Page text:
Cookbook Review: The Performance Paleo Cookbook

This book gets four & a half stars.

I’ve come to realize that half of my life’s journey is over and that I need to be strong for the last half, because I have promised our children that they will never have to take care of me when I’m old and that I will not put the burden of worry on them as far as my own health is concerned. Some things may not be in my control, but there are certainly others I can do something about. The two most important ones is to keep physically fit and to keep my second brain – the digestive system – healthy. These two issues are both in my own hands and should these fall to pieces, there is only one to blame: me.

I have therefore decided that I will go on an eternal quest for healthy cooking and have gone from delicious, decadent, unhealthy and fattening to delicious, decadent and healthy. There are numerous books in my cookbook library. Some I haven’t even opened to cook from and have decided to start cooking through them. I will attempt to make as many recipes as possible, but will probably not cook everything, so will choose wisely and make the healthy recipes that are simple, easy & delicious. If there is a specific recipe I like that doesn’t fall in the healthy category, I will alter the recipe in order to make it healthy. Furthermore, the recipes from these books were written by someone else and I would prefer them to become authentically mine, so will use them as inspiration & guideline only and change/add ingredients and methods where I feel it will resemble more of my own cooking.

The latest addition to my shelf is The Performance Paleo Cookbook. It has 216 pages of wonderful recipes and what I like most about it, is the amount of beautiful photos that inspire. Well, maybe that’s not what I like the most about it. I’m a big supporter of potatoes. They’re power houses of nutrients and I love the taste. Unless you have health issues and/or are allergic to night shades, I have not been able to understand why the humble potato got such a bad reputation. The author of this cookbook, Stephanie Gaudreau, is the founder of Stupid Easy Paleo and she is an athlete in incredible shape. In the book she declares the potato is back. YAY!! Finally!! Somebody writes a Paleo cookbook that makes sense. Her exact words: “For a long while, most Paleo folks avoided white potatoes for reasons they didn’t quite understand – because that’s just what the rules said. Turns out, if your blood sugar regulation and body composition are good, there’s no good reason to keep them out of your diet, unless you are intolerant to nightshades. White potatoes, in fact, are a good source of glucose in addition to micronutrients such as potassium and Vitamin C. One thing you’ll want to do is peel the potatoes, as anti-nutrients are prevalent in the skin.” This of course, doesn’t mean you can slather this great vegetable with rich, unhealthy, fattening sauces, as this will completely defeat the object of the exercise.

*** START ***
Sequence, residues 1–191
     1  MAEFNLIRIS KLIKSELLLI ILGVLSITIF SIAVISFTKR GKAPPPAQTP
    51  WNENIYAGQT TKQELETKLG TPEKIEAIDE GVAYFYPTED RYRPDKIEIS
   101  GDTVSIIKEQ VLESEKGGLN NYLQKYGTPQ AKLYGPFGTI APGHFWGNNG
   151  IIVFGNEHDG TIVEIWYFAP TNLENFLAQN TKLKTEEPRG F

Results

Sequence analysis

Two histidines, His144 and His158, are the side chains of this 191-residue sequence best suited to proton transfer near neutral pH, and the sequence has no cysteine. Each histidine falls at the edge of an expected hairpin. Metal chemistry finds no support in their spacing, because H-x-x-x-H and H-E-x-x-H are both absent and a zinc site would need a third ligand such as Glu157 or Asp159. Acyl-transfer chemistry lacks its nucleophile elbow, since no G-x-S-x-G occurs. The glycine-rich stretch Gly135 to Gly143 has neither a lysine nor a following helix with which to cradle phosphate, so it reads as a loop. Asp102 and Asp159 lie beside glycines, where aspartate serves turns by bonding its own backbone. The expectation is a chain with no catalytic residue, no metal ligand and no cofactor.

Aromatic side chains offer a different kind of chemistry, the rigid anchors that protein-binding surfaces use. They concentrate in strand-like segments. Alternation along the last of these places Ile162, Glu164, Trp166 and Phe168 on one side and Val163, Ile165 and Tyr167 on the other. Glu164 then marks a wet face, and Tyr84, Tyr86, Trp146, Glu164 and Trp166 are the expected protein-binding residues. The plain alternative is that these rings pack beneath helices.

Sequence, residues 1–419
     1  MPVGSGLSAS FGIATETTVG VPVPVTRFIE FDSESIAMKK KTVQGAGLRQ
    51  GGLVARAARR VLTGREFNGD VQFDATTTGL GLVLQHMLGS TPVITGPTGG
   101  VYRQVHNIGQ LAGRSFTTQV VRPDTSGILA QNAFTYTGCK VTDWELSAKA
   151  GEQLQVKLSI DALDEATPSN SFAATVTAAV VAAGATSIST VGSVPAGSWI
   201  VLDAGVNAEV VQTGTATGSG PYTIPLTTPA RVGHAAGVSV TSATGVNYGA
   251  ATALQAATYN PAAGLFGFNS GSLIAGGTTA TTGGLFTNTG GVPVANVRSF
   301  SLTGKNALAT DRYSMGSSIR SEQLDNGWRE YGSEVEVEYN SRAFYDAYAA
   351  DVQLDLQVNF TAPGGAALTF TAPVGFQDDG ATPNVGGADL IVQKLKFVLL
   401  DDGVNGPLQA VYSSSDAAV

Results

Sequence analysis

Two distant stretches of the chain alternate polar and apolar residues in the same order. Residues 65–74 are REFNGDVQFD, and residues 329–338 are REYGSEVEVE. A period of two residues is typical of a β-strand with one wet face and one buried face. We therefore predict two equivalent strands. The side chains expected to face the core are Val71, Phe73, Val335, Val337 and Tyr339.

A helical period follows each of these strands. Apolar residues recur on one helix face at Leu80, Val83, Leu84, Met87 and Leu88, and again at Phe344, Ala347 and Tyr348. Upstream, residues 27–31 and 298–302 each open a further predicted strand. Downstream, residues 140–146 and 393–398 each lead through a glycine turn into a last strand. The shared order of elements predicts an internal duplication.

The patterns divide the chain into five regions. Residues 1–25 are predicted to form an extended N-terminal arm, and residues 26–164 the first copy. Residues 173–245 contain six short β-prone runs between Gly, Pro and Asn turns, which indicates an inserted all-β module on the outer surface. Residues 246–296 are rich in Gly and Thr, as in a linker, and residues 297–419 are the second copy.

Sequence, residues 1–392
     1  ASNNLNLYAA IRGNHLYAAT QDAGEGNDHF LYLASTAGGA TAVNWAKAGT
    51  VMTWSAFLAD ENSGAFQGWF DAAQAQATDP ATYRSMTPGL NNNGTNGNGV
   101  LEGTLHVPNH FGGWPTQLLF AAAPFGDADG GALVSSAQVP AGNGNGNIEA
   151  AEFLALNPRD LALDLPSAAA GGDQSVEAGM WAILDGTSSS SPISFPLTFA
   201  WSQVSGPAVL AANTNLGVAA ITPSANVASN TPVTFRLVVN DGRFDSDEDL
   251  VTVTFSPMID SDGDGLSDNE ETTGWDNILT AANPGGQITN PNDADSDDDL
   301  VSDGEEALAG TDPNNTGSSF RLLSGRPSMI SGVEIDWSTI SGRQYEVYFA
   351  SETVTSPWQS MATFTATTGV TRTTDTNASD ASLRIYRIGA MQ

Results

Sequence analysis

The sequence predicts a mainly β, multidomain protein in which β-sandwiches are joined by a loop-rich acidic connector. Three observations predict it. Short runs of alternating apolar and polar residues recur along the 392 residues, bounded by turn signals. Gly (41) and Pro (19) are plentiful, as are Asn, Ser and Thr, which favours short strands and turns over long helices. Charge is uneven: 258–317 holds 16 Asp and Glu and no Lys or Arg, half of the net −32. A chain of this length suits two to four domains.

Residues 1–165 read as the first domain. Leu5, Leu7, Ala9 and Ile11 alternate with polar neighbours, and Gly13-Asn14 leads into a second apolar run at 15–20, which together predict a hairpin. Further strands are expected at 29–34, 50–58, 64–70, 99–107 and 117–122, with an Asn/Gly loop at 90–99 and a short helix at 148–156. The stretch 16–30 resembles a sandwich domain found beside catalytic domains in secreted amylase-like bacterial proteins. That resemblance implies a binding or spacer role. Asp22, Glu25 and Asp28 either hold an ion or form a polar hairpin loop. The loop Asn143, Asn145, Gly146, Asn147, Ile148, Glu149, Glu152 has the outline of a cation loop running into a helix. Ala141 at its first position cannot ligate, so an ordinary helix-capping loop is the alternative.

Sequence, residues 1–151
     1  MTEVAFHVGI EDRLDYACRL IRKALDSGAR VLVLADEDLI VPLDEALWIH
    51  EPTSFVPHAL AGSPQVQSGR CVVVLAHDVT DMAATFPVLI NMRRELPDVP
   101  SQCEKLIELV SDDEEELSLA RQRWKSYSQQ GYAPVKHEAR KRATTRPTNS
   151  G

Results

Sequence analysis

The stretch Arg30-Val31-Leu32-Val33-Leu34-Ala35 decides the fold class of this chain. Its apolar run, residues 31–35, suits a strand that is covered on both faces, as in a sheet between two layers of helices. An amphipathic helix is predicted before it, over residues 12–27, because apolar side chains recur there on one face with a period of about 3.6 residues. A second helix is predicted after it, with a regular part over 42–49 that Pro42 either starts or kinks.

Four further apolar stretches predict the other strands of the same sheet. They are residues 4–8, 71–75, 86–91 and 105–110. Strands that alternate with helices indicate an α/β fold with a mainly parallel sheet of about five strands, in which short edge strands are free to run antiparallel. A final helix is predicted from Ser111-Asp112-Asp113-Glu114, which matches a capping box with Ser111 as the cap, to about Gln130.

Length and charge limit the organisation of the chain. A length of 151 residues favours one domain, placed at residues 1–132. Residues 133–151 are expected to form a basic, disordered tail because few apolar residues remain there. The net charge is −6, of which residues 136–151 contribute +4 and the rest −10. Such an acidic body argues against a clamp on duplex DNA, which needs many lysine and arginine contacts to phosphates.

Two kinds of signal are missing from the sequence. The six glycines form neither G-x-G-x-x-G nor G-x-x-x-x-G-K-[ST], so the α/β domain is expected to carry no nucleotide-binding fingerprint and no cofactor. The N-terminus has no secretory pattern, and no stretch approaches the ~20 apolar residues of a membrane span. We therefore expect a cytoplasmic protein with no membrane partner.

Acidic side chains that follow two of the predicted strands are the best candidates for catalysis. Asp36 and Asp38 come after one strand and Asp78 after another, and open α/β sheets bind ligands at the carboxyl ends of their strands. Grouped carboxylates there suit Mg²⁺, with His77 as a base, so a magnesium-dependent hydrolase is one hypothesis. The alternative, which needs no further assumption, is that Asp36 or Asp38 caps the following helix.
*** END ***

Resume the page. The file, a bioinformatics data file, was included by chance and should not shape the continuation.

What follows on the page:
The author uses red meat and a few recipes ask for bacon or sausages. There are also recipes that use a small amount of honey to make a glaze. I will avoid those, as I am a heavy sugar addict and even the smallest amount of sugar will set me off on a binge. I believe that lean red meat is good for you, but only about once a month and bacon and sausages are processed, sodium & sugar laden foods that’s not very good for you. Although she doesn’t use it often, I still amend the ingredients where it require these items. I made her Turkey Veggie Meatloaf and fell in love with the almost 100% fat free turkey, so have decided that wherever I can, I will substitute the red meat with turkey, lean pork and lean chicken and will try my hand at making my own skinless sausages where a recipe requires a sausage. I will substitute bacon for Del Duca Prosciutto, which is minimally processed with no added sugars, nitrites, nitrates and no artificial ingredients. If you don’t eat pork, you can use lean, shaved roast beef, chicken or turkey instead. 

I love the sugar free (and this includes sugar substitute free) shakes, desserts and gluten free items such as plantain pancakes and home made tortillas. There are things such as the tortillas, that I’m not very good at making, but I’m certainly going to give it a try. The dessert that interests me the most is the Cherry Cashew Protein Bars. One of the ingredients is cricket flour. Cricket flour? As in the bug? What on earth? Yes, as in the bug. The flour contains ground up crickets. Well, I guess I’m most certainly going to substitute here, as I cannot see myself eating crickets! Perhaps I’ll try coconut flour instead.

Another new ingredient for me is coconut aminos. This is a great substitute for people that are gluten intolerant and cannot eat soy sauce. It’s not readily available in the grocery stores where we live, but it is available on Amazon.

There is a good amount of interesting salad and vegetable dishes and I cannot wait to make the creamy broccoli soup that is made with coconut milk instead of cream. Cream of broccoli is my favorite soup and I love coconut, so will delight in this healthy substitute for the cream.

This is a great cookbook and when you take the red meat dishes and make one of those once a month or even perhaps once a week, it rates as a first class, five star cookbook.

As I cook my way through the book, I will post the recipes that inspire me under the Decadent Healthy Recipes section of this blog, so will try and write a new recipe on a regular basis.

A note on self-care: It is not selfish. Quite the opposite. Your healthy and balanced life is a gift to your loved ones. Keep healthy. You owe yourself and them a long, healthy life. Remember to exercise, happy cooking and don’t forget to throw in a cheat day every once in a while. Now, I’m off to go and cook my potatoes. Follow this link for healthy recipes:



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